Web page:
In 1993 the Suhl factory began making the Hotzenblitz electric car under contract for Hotzenblitz Mobile GmbH & Co. KG of Ibach in Baden-Württemberg. Hotzenblitz is a portmanteau word derived from the Hotzenwald region of the Southern Black Forest around Ibach and blitz, German for "lightning". The car had two seats and weighed 780 kg (1,720 lb). It produced only 16 bhp and had a range of only 100 km (62 mi) to 150 km (93 mi). The car was a very limited success, and only 140 examples were built by the time production was ended in 1996.

In 1993 the SR 50 and SR 80 scooters were revived.[60] By 1997 revived production of the SR series totalled 3,100 examples, and production continued until 2002.[60] In 1994 the S 53 and S 83 were revised with two versions each: the road-going alpha and off-road beta.[61] These were made until 1996 but production figures are unavailable.[61] In 1996 Simson revived the Star model name for a new 50 cc scooter that had more curvaceous, fully enclosed bodywork.[62] Production of this model continued until 2001.[62]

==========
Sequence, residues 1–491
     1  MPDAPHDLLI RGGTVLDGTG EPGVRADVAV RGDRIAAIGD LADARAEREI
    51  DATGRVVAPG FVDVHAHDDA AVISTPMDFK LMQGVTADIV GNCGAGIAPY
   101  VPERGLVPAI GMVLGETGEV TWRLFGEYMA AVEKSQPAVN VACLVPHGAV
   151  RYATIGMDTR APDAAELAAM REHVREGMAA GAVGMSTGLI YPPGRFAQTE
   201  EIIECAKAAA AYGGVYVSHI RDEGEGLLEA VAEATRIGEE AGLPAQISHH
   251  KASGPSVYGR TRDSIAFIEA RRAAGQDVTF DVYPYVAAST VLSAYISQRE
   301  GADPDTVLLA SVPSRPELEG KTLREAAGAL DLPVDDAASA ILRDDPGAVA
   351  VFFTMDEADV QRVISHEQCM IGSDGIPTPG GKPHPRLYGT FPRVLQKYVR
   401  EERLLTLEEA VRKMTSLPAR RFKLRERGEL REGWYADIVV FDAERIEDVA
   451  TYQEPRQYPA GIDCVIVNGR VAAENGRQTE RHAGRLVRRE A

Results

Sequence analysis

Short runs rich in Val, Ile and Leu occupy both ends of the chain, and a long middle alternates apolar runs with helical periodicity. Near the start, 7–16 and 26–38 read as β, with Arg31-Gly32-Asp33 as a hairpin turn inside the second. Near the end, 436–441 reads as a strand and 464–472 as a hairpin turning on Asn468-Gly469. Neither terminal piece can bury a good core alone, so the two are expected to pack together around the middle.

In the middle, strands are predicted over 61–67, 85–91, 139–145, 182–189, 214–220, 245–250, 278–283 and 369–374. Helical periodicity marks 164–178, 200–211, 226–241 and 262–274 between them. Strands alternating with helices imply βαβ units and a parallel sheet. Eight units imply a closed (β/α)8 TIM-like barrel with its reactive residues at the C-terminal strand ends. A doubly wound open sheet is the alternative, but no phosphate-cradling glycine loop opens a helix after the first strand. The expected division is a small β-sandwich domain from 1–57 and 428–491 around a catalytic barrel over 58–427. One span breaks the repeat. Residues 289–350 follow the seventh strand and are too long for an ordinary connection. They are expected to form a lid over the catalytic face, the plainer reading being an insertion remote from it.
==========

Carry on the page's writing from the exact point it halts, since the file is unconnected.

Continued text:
In 1996 Simson renamed the alpha and beta range by reviving the Habicht model name.[63] In 1997 it introduced a 5.1 bhp version of the 50 cc machine, for which it revived the model Sperber name.[64] In 1999 new 50 cc models were introduced: the Sperber Sport with a sports full fairing[65] and a new Spatz with a space frame.[66] Further 50 cc models were the semi-off-road Fighter in 2000[67] and the SC and TS series in 2002.[68]